Bill Graustein tells his story about a successful community program that he created and his ideas for generating community involvement.
JR- Welcome to another community voices podcast, I am here with Bill Graustein.
JR- Can you talk a little bit about your work in the community and what you do
Bill Graustein- My main work in the community is the community leadership program which I started about 9 years ago now in response to what I heard as a pretty clear pattern in conversations I had with people who were trying to make a difference in the community. What I heard them saying at the time was that they felt isolated and really wanted to find a way to be a part of something larger than themselves to work for the common good, they said that they wanted to see their values and the things that were closest to them more visibly expressed in their work and wanted to find ways to do that better and what I also heard very clearly by not only people’s words but the actions and risks they took, that they wanted to find a way to have conversations particularly across boundaries of experience, race, and class that were more hopeful, courageous, productive than the ones they were accustom to having so we started the community leadership program to try and provide some experiential learning around those three requests growing about 20 people each year
JR- I also understand you do a lot of work in early childhood development and across a number of different areas
Bill Graustein- Right, I have a different role in that case. I am a trustee of the family foundation which about 17 years ago had a sudden influx of cash which means we had to completely rethink what we did. My father was the first generation born in this country, the immigrant parents, and he found for him and his siblings, 2ndary particularly higher education was transformative in their sense of being able to imagine a different future and so as to bring a different being. In giving shape to the foundation that he had set up in memory of his brother while they had both died we were asking the question of, what aspects of education now have the similar potential to be transformative that aren’t being paid attention to and early care and education became clearly the area we should focus on after we did a bunch of inquiry. So what I call the memorial fund but more formative the William Casper Graustein memorial fund works statewide to try and support communities to develop the capacity to reflect, organize, plan, and act on behalf of young children and works at the state level also to try to raise the level of the policy discussion both the legislative and executive levels and try to make more productive conversation between communities people at the community level and state level. With the memorial fund I played just a governance level role, I'm not involved in the daily operations but what I find is that a similar set of values in form of personal work in the community and the memorial funds activities and the way I find that the contact I get to have with individuals in the community through this community leadership program, I think I have benefitted more from it than any participant in the sense that it helps ground me in what community member’s experiences and perceptions of reality are and what’s meaningful to them and those are stories I want to carry with me into the board room. I do also have a third point in civic engagement is that I share the board with public allies which is a national organization whose signature program is an apprenticeship program for 18 to 30 year olds in nonprofit and community leadership. What really cemented my connection to public allies is seeing the values they had as its core. Commitment to continuous learning, integrity, collaboration, and a resource for asset based work in communities was what I was hearing good career professionals yearning for. so I have been fortunate that these three different endeavors all echo a resume living for one another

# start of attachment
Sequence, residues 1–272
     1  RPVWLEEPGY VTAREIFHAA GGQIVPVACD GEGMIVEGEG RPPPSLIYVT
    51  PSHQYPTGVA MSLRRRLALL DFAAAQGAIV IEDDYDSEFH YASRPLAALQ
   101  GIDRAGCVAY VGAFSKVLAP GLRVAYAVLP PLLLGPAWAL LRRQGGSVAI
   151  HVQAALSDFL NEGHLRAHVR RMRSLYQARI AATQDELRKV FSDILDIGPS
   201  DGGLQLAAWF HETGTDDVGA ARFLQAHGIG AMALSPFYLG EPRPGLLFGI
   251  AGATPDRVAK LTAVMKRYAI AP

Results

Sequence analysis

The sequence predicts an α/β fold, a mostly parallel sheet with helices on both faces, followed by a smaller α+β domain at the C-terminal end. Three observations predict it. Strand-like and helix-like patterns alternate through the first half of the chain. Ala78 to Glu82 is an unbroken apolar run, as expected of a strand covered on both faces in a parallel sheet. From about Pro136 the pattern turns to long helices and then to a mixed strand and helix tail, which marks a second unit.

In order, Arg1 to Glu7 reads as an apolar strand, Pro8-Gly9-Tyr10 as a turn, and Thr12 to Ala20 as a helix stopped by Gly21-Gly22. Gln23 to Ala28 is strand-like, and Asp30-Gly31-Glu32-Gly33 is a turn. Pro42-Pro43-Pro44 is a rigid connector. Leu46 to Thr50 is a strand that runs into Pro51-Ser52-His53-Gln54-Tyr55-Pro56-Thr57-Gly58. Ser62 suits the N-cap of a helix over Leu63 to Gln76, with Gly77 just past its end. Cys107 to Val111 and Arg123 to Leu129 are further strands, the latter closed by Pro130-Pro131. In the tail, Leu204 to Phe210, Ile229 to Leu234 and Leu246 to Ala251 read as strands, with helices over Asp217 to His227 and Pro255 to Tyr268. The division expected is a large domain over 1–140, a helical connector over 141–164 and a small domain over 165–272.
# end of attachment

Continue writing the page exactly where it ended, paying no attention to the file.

JR- My last question has two parts, what are your aspirations for the community moving forward really from your personal perspective and in that what is it that gives you hope for the future?
Bill Graustein- My aspiration for the community is that we, together, can imagine a future that is different from the present and act so as to bring a different being, and what I hope in that process is not just a practical one about policies and programs but I think it’s a spiritual one as well. It’s not until you really work together and come to know what forms each other’s view and what your experiences are but you really recognize the unexpected points of common humanity, I can never tell when someone else’s experience is going to speak deep like my own.